So the best solution to this whole summer meal issue when you don't want to cook in the heat is... man's second best friend: A bowl of cereal, piled real high with 3% milk. Now we're talkin'! So you set up all your fav reading links in a Google Chrome spread, take a big spoonful of the cereal...and blah. bleeh, pehh. You never shut the fridge all the way this morning. The milk tastes like the cow got into an onion patch. It's as sour as you can imagine. The the electricity goes down because you're in a rolling black out area. 

To at least get something out of this horrid day of heat, you step outside into the oven of the millenium to discover.. even the ice cream truck melted. Take heart, as of Monday.. Christmas will be just 5 months away. 

(Forecaster Foot: State College PA. Our traditional lead story will return on Saturday.)
"Yeah, it's hot..but it's also July"
-Central Pennsylvania Forecaster Dakota Smith, on a summer internship in 
coastal Louisiana. Daily relative humidity in Cocodrie, LA averages 80% 


10:30 AM EDT Thursday 7/21/2011 The best spin we can put on the smothering dome of heat gripping North America is to remind our Powderhound fans that help is on the way. The glory of all things snow will soon return to the Northern Hemisphere. Meanwhile, our South America readers get the spotlight and envy of snowlovers up north. CNN reported that a high impact winter storm has blanketed large portions of central Chile in the past 24 hours (photo above from CNN). Given that South America is in the dead middle of winter, this period of time on their calendar is to about February 1 in the United States. The article quotes local government officials stating that over 7 feet of snow has fallen in just a few days across a region that, like the Mid-Atlantic and Southeast in 2010, is unaccustomed to such high accumulations so quickly:
"In the city of Lonquimay, officials said snow had piled more than 2.3 meters (7.5 feet) high. Interior Minister Rodrigo Hinzpeter on Wednesday called the situation a "white earthquake."   CNN World, 7/21/2011
Hot for most, lucky for some 
In the U.S. the news is not much better save for traditional, and unusual, locations. Places such as the Pacific Northwest get to revel in temperatures under 75 F for most of the metro areas from Portland to Spokane to Seattle, as reported by our Lead Forecaster Mark Ingalls, a high school student in southeast Washington. He also serves as our Western U.S. Outreach Coordinator, so if you live west of the Rockies and are interested in joining the team, Mark is the one to contact: western@footsforecas.org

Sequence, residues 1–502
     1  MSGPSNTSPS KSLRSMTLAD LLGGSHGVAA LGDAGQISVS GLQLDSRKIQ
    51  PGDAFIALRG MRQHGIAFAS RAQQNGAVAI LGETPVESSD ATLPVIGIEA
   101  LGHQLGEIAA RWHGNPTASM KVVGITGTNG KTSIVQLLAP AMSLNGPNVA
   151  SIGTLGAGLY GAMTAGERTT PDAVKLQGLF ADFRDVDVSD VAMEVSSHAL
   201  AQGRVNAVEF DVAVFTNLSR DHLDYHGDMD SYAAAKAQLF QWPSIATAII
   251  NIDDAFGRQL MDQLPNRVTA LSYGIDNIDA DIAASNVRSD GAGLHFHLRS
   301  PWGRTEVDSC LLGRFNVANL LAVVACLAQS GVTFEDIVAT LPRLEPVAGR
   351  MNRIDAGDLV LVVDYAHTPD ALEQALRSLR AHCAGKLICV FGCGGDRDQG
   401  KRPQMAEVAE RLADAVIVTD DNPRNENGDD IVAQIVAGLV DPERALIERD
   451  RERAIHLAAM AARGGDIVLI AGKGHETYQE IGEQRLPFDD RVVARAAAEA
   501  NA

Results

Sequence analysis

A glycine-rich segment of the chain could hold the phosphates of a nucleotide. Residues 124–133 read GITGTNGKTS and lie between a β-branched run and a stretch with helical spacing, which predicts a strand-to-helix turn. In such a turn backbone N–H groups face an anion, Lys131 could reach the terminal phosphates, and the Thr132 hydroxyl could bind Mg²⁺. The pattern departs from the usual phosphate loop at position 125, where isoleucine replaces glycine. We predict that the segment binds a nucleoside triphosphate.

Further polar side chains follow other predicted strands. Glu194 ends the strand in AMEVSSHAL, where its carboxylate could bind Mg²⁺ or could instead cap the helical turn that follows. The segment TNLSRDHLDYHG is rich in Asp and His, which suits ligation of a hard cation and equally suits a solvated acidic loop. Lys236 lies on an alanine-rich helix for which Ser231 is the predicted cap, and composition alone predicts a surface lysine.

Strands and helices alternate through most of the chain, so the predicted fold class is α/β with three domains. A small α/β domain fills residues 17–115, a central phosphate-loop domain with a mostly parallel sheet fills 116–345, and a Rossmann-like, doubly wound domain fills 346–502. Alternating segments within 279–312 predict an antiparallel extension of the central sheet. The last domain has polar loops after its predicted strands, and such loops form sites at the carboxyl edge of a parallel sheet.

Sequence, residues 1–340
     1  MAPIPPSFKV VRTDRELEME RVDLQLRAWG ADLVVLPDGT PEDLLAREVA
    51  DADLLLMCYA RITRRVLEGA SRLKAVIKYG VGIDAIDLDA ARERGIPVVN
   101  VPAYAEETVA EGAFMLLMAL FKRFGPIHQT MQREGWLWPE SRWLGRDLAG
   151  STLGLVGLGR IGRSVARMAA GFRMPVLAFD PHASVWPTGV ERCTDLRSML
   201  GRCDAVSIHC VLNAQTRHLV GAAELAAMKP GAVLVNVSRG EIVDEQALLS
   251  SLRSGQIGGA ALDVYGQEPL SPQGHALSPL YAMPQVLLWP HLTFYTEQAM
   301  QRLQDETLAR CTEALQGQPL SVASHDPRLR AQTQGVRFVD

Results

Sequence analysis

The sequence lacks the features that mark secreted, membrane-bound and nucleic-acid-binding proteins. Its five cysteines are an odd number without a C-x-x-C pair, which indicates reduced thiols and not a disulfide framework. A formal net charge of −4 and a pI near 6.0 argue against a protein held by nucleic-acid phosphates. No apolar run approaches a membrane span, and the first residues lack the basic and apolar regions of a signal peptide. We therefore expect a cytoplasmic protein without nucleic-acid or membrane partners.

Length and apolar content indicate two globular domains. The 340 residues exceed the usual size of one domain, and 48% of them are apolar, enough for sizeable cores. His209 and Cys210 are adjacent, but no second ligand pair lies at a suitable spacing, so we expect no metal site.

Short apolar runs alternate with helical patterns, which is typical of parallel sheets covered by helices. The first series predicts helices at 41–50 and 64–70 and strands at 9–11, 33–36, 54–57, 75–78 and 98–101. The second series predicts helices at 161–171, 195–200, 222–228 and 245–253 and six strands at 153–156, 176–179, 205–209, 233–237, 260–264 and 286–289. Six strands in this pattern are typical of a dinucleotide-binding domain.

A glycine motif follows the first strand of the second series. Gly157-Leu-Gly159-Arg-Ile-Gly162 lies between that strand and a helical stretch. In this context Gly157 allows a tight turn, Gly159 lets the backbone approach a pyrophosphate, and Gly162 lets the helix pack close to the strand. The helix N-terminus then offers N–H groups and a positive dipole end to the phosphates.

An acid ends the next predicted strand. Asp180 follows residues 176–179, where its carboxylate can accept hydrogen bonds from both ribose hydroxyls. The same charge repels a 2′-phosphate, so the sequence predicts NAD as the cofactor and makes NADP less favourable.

In a climatological "role-reversal," Forecaster Patrick Ritsko, a Meteorology student from Penn State University, is facing cooler conditions this summer on a Department of Interior internship working in the Florida Everglades. You might think the heat is just as oppressive there, but not so. He was quoted as saying yesterday, "It's much cooler here in South Florida, we don't have the extreme heat of the central and eastern U.S., and it pretty much rains every day, so that helps."   Patrick, along with Forecaster and Meteorologist Randall J., a graduate from Florida International University's Meteorology and Geosciences program, collaborate to post updates on our South Florida page, while keeping a close watch on the Atlantic and Gulf with our Tropical Team on facebook.

Foot's Forecast has Meteorologists? 
So about your forecasters... are they available for other services, such as work for my company or agency and provide forecasting products? Currently we are privileged to have four highly qualified Meteorology graduates on the Foot's Forecast Team. They hail from universities in Pennsylvania to North Carolina, and Georgia to Mississippi and Florida. There are more in the pipeline where they came from, all at various stages of completing their degree in Atmospheric Science, Climatology, Earth Science, Physics and beyond. 

Graduating with a degree in Meteorology was just the start. These enterprising young men and women have interned at the National Weather Service, performed outreach in local schools, work with high schoolers on our team, serve in student leadership within the American Meteorological Society, and forecast in their local zones. They are the only people on our team you'll ever see write "Meteorologist" next to their forecast (if they want to), because they are acting on the knowledge and experience gained in that degree.  It's not just hanging on the wall.